Olathe nonprofit helps people with developmental disabilities build a resume while serving up tasty dog treats

OLATHE, Kan. -- It's a perfect match when fun leads to learning.

Paws Abilities is baking up some tasty futures by helping people with developmental disabilities build their resumes.

The Johnson County nonprofit, an offshoot of Inclusion Connections, combines a job training center for people with special needs with a dog treat factory. A dozen participants enter the work space each week, where they gather skills that they can apply toward their future jobs.

The employees in the kitchen prove that working in a bakery can be a lot of fun. They're often heard jamming to 80's hair bands or singing Christmas carols as they work.

As part of their training, these young adults create and sell all-natural dog treats and toys to pet owners who come calling on their retail location off Santa Fe Road.

"Every one of us loves dogs," said Jennifer Beruan, Paws Abilities program coordinator.

Beruan said as the dog treats are baked, hireable employees are grown since the Paws Abilities production floor runs just like a business.

"We work through all of the issues they would face in a typical job, so that when they leave our program, they're ready to be an amazing employee," Beruan said.

The treats and toys are evidently popular. Paws Ability's store had several customers while FOX 4 cameras were in attendance Wednesday morning, including directors from a local pet boarding service.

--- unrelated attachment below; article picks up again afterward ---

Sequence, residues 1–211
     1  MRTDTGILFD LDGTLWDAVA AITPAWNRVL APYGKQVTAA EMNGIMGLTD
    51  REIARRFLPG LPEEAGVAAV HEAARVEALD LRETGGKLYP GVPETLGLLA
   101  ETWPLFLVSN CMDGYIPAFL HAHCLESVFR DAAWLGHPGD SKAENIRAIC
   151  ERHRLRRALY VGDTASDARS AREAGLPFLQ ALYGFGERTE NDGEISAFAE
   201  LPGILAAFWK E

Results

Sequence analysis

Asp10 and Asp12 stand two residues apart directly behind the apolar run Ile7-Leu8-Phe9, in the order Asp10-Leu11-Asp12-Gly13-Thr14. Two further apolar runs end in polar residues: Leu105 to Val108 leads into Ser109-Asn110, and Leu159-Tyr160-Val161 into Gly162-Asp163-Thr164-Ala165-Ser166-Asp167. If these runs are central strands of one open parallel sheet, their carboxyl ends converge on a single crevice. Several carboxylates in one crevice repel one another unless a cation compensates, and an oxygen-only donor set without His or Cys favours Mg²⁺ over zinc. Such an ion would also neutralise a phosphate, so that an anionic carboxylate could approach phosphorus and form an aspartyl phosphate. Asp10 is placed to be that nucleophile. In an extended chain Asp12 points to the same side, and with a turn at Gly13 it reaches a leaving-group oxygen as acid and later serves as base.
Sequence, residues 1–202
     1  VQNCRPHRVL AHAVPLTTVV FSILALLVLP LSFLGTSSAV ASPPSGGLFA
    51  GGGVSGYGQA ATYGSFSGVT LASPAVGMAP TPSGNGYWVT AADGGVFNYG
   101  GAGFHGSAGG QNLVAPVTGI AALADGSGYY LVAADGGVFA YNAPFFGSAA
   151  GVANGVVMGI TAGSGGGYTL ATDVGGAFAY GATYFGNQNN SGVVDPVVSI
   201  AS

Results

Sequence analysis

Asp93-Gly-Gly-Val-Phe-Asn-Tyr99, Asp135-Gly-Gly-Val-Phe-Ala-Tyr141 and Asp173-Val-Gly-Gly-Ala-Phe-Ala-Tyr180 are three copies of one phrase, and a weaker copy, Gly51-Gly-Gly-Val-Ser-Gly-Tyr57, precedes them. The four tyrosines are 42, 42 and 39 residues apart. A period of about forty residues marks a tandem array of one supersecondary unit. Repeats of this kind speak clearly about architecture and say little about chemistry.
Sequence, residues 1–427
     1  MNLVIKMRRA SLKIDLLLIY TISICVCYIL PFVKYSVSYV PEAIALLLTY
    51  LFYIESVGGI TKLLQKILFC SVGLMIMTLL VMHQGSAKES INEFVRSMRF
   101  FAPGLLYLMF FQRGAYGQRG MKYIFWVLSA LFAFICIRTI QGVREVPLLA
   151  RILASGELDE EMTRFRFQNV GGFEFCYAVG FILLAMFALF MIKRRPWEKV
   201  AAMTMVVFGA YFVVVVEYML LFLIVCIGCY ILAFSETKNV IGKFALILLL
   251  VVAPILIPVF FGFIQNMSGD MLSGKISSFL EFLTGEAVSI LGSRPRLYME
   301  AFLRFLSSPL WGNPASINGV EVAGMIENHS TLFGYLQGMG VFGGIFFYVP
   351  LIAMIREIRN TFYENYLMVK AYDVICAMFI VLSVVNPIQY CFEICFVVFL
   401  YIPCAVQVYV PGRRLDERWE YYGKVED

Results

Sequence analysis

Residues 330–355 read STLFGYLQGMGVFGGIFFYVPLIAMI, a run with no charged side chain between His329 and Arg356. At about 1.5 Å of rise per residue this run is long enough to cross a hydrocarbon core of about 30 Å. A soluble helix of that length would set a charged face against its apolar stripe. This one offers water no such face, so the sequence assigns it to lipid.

Beruan said the real world experience participants are receiving is more vital than peanut butter dog biscuits. Participants don't receive any money, but they're building a resume.

"We've branched out into different types of treats and toys, so they're gaining lots of different skills," Beruan said.

Program participants, such as Olathe's Matthew Horn, know the program works. He's one of Paws Abilities success stories, having recently gained employment at a local restaurant. The 21-year-old said he dreams of working for the local police department.

"I have so much fun," Horn said. "I want to work as a dishwasher or at a police station because you can get paid."

"I like Paws Abilities because I like doing it," 22-year-old Halie Strickler said. "I like making treats, and I like it here so much, and this is great."

The dog treats never go to waste either. Beruan said Paws Abilities is about to donate a bunch of them to some local animal shelters. However, the real joy arrives when one of these participants lands that first paycheck.

Inclusion Connections, Paws Abilities' parent agency, has it's annual benefit fashion show coming up on February 22nd.